He applied once again to become part of ASB Leadership because he knew this was where the students of influence resided. When his initial attempt to get in was denied, he advocated on his behalf to get an interview. He got the interview and was selected as part of ASB. Next up was inclusion in a campus club. He decided the best place for him to earn acceptance without label was the MSA (migrant student association). This club was a safe haven for Mexican-American students on campus, and although Brandon is not Hispanic, he was accepted with open arms. He soon earned the surname of Santiago Chavez and proudly wore his Mexican national team jersey to club meetings.
On a Tuesday, mid in September, I received a call from my wife reluctantly informing me that Brandon was nominated for the Homecoming court. This didn’t seem plausible given his experiences the prior three years, so we had to verify for accuracy. Sure enough, he was on the ballot along with 15 other Seniors. From this, five would be selected to be part of the court and one eventually the king. A week later votes were cast and Brandon informed us he was in the final five. We were elated for him because this was one of his dreams entering high school, but also unsure of the final outcome which could be another disappointment. But we were overjoyed with him becoming a prince. Then homecoming arrived in late September, and we were dressed to the nines because parents and the court had to go on the field at halftime of the football game where the King and Queen would be announced. As the hours turned to minutes, the voice from the loudspeaker resonated for all to hear “this year’s homecoming king is Brandon Gruber.” The only one not surprised by the victory was Brandon. He was so confident that he would become king that when he stood and waved to the crowd, it was if he were taking a leisurely walk through the park. It felt surreal to see the smile on his face and a crowd so caught up in the moment. The lights, cameras, cheering, hugging and crisp fall air all melted into a pictorial viewed at warp speed. He had advocated and won on his own terms.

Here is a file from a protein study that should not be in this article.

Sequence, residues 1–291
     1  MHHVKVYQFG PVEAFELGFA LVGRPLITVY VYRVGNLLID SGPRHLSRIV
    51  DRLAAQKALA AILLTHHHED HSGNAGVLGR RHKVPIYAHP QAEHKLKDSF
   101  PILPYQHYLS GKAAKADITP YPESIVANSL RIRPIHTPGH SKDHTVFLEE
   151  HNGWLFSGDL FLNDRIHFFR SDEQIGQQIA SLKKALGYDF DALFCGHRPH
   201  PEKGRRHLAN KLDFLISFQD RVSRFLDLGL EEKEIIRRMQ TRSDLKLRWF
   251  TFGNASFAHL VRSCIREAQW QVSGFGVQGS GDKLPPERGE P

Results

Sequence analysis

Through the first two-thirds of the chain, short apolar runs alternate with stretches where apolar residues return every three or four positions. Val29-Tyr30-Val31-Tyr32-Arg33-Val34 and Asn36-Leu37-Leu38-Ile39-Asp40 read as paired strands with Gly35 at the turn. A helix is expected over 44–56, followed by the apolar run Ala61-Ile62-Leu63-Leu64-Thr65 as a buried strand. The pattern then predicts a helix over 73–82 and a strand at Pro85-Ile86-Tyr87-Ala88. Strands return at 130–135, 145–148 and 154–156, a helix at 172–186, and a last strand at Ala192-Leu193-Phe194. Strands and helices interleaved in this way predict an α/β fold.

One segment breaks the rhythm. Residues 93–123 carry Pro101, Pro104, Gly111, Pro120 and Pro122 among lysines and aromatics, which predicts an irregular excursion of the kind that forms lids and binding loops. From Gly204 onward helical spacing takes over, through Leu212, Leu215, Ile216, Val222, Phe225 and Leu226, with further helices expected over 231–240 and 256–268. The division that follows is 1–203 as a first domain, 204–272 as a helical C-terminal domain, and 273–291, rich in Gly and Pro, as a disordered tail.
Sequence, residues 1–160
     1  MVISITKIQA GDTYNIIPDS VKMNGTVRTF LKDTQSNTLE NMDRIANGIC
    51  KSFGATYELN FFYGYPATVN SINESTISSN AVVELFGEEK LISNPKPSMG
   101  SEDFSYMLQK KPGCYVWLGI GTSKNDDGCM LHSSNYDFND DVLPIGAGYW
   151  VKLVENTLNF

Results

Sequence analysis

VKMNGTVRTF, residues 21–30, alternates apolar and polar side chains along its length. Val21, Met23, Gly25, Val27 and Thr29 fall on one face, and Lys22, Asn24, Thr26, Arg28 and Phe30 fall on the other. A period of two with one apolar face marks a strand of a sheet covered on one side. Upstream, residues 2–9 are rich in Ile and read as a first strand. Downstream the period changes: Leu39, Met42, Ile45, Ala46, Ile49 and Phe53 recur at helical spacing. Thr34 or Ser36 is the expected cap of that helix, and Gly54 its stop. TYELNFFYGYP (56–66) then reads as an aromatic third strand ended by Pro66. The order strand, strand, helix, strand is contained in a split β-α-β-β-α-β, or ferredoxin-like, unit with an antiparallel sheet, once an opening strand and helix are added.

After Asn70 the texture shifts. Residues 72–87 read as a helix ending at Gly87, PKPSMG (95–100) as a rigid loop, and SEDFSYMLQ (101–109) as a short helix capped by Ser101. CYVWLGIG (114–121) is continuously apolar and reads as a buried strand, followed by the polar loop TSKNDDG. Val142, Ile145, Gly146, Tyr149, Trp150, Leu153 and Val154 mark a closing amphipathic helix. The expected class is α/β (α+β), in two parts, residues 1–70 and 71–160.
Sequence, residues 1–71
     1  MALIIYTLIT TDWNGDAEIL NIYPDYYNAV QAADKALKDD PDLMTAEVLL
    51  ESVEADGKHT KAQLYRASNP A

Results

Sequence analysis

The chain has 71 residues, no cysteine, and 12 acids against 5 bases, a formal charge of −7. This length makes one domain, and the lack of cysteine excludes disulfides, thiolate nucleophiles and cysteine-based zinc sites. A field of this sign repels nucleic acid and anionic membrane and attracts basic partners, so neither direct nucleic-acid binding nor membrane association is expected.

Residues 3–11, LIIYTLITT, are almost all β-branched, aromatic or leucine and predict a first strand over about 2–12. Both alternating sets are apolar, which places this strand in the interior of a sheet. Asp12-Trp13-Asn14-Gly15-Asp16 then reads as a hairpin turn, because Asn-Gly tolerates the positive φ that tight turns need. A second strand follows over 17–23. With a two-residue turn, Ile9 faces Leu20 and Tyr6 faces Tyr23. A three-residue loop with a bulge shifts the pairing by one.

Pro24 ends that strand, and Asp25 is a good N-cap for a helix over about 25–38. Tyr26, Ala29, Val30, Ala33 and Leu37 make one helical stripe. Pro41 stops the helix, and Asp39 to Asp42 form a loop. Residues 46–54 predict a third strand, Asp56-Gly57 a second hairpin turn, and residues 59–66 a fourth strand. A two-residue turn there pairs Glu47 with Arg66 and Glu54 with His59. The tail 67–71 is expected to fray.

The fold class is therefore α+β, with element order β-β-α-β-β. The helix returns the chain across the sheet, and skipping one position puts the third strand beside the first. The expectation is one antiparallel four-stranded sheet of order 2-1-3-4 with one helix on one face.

What followed over the course of his final year was born on this glorious day. He was voted “Best Dancer and Most School Spirit,” earned all A’s and he started a foundation where he sold his art cards to help send many of his MSA brethren to prom and winter formals, as well as provide yearbooks for other students without the financial means to buy their own. He appeared in PEOPLE Magazine on two separate occasions for his philanthropy and inspirational journey. The boy had become a man, and therefore the man didn’t allow the struggle to defeat him.
He beat the system, altered minds and knocked down locked doors. The convergence of will and hard work on his part re-engineered the game and laid a foundation for other uniquely qualified individuals; a roadmap to follow.
Brandon tells my wife and me all the time that “labels are for cans, not people.” This is why he never accepted the status quo. He wanted more and thus set goals that not only seemed improbable but appeared impossible. He lives by a simple motto that drives him every day of his life: work hard, choose kindness every day and be yourself.
We know Brandon’s journey is far from complete and struggles loom before us that we have yet to encounter. We remain ardent in our support of his artistic and college goals, and his past has made it clear no mountain is too high for him to climb as long as he continues to dream big and embrace the struggle.
Follow Brandon’s journey at 321 Life.
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Image courtesy of FickleZeal Photography (Jenna Palomino).